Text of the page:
Little Richard made it okay, being gay and being in rock & roll. That was all part of his thing, that sort of freedom in every way. Not just in the art, not just in the singing, not just on stage, but in the lifestyle as well. He wrote the book, literally.

For me, it’s my religion. So he’s literally God to me. He wrote the bible that we all follow to this day: You don’t need to repress it. You don’t need to suppress it. You don’t need to follow the rules. You can be yourself and be proud of it.

Chuck Berry, tragically, was bitter right to the end. And it’s such a shame, because you carry that weight on your shoulders your whole life. Unlike Chuck, Richard never had an attitude. I mean, I talked to him about this. Almost every black artist back then was having their records covered. I know young people find this hard to believe, but in those days, there was black radio and white radio and white radio was not supposed to play black records. And so the white artists like Pat Boone would take advantage of that and cover a Little Richard song. But then you had the very courageous Alan Freeds of the world, the whites DJs, who played black music for their white teenage audience, and Alan Freed would be crucified for doing it. But that changed the world. Because as soon as the kids heard Little Richard’s version, you’re not gonna enjoy Pat Boone’s version nearly as much anymore!

Richard always had this attitude like, “Hey, man, he turned a lot of kids onto my music, before my records could be played on white radio.” That did change, come ’56, ’57. But until then, he felt like, “hey, Pat Boone’s my publicist, he’s out here doin’ me a favor.”  It was very sophisticated and very, very accurate, instead of being pissed off, the way Chuck was his whole life. Why go through life so pissed off? Especially if you’re Chuck Berry, one of the greatest artists in history, and amply rewarded. Ten thousand dollars in that guitar case, in cash, five days a week, for 50 fucking years. I don’t care what Leonard Chess took from him –  it wasn’t that much! Richard always had had the right attitude, which I thought good for his own health.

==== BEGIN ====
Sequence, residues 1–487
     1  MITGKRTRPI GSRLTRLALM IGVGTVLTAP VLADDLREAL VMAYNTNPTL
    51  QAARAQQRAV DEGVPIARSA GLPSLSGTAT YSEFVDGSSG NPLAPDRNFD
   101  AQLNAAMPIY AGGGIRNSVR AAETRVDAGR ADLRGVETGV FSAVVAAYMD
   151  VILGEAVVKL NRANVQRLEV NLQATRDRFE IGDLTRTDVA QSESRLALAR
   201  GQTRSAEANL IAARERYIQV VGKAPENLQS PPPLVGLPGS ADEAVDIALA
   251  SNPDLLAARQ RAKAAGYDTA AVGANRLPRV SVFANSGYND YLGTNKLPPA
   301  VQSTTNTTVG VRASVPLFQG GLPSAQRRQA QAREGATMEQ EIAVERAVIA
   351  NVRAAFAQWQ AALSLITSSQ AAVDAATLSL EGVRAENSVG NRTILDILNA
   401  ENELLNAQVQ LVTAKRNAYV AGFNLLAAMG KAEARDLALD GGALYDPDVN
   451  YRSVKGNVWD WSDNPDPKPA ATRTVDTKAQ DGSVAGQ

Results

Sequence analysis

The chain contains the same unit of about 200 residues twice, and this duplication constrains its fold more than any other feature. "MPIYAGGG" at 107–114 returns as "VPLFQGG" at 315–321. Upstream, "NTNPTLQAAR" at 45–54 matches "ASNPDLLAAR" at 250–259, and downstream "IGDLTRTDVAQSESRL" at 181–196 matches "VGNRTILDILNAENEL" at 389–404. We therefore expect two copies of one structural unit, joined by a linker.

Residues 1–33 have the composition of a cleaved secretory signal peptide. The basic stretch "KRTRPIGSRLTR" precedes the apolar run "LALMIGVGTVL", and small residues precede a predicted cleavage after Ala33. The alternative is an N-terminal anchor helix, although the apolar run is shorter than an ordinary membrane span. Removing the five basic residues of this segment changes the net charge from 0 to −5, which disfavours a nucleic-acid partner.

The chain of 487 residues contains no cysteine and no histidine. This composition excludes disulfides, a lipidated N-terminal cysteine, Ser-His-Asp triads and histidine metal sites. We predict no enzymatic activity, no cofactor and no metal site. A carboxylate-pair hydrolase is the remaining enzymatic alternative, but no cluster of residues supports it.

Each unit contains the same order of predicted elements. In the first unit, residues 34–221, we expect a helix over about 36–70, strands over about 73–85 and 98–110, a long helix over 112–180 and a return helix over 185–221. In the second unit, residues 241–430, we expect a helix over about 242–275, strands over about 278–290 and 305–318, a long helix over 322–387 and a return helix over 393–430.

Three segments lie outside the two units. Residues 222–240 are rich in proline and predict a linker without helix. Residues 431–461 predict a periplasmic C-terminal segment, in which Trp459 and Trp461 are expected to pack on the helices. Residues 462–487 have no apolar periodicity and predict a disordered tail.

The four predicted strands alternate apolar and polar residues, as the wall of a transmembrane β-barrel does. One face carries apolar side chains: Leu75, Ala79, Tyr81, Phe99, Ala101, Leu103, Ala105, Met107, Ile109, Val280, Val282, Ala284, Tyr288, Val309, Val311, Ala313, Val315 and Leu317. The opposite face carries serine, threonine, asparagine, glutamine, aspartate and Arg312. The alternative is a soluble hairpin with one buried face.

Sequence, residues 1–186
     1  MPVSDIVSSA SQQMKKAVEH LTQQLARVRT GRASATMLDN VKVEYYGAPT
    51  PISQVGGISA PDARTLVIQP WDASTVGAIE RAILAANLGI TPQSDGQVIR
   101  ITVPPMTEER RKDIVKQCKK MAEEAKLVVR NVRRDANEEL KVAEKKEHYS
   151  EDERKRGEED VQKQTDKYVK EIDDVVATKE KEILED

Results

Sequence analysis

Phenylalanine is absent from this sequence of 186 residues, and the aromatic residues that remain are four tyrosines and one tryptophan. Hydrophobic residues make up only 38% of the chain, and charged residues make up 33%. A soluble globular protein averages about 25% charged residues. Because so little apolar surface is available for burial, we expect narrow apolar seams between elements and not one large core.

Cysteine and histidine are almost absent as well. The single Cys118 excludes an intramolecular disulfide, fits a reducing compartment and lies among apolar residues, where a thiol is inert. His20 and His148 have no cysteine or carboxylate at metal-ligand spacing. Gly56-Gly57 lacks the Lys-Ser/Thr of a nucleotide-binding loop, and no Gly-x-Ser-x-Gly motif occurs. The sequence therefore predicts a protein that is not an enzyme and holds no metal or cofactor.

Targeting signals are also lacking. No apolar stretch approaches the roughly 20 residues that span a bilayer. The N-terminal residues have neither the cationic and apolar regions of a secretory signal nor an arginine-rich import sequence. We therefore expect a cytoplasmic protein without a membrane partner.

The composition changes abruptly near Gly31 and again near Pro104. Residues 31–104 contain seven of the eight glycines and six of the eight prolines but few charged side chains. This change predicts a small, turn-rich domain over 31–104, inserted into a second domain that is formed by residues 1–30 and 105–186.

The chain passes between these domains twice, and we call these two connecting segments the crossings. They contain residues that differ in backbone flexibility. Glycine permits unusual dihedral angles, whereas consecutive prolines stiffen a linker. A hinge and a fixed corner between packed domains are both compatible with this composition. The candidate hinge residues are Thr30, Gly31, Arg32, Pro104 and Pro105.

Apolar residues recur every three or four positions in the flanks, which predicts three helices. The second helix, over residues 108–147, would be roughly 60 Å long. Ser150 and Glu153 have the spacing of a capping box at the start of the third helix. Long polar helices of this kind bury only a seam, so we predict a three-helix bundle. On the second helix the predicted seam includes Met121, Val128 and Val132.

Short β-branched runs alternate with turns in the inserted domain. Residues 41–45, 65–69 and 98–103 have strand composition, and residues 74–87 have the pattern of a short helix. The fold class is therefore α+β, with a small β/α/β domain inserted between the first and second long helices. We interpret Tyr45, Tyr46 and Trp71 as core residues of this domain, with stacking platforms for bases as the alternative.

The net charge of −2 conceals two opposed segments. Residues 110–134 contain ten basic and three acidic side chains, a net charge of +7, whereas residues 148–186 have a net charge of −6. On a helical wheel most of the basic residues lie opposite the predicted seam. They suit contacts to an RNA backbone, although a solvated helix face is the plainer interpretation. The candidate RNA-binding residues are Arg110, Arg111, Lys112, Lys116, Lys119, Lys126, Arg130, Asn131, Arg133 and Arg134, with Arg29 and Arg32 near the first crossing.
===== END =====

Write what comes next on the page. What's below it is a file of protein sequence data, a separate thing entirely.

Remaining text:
Richard did some records in the ’70s that were quite great. We played them in my radio format [Underground Garage, on Sirius XM]. He did a great version of “Brown Sugar,” and some other very good singles during that time.

When I got married [in 1982], I thought, we might as well make it a rock & roll wedding. So we called Little Richard – it was just a thought, because obviously, he’s my namesake and my mentor. He was like, “okay,” and it was first time he ever did it. He just kind of improvised it.

I think my first encounter with Little Richard was probably the Girl Can’t Help It movie. I had started watching the early rock & roll movies, the Alan Freed movies. And then the so-called oldies stations started [in 1972] which was a very, very important moment. CBS-FM was the first oldies station in that format, I think. The music wasn’t that old at the time but but things were moving so fast in those days. It’s very hard to explain that to people. A lot happened in a very short time. So, it seemed like hundreds of years earlier, when half the bands were having hits five or six years earlier.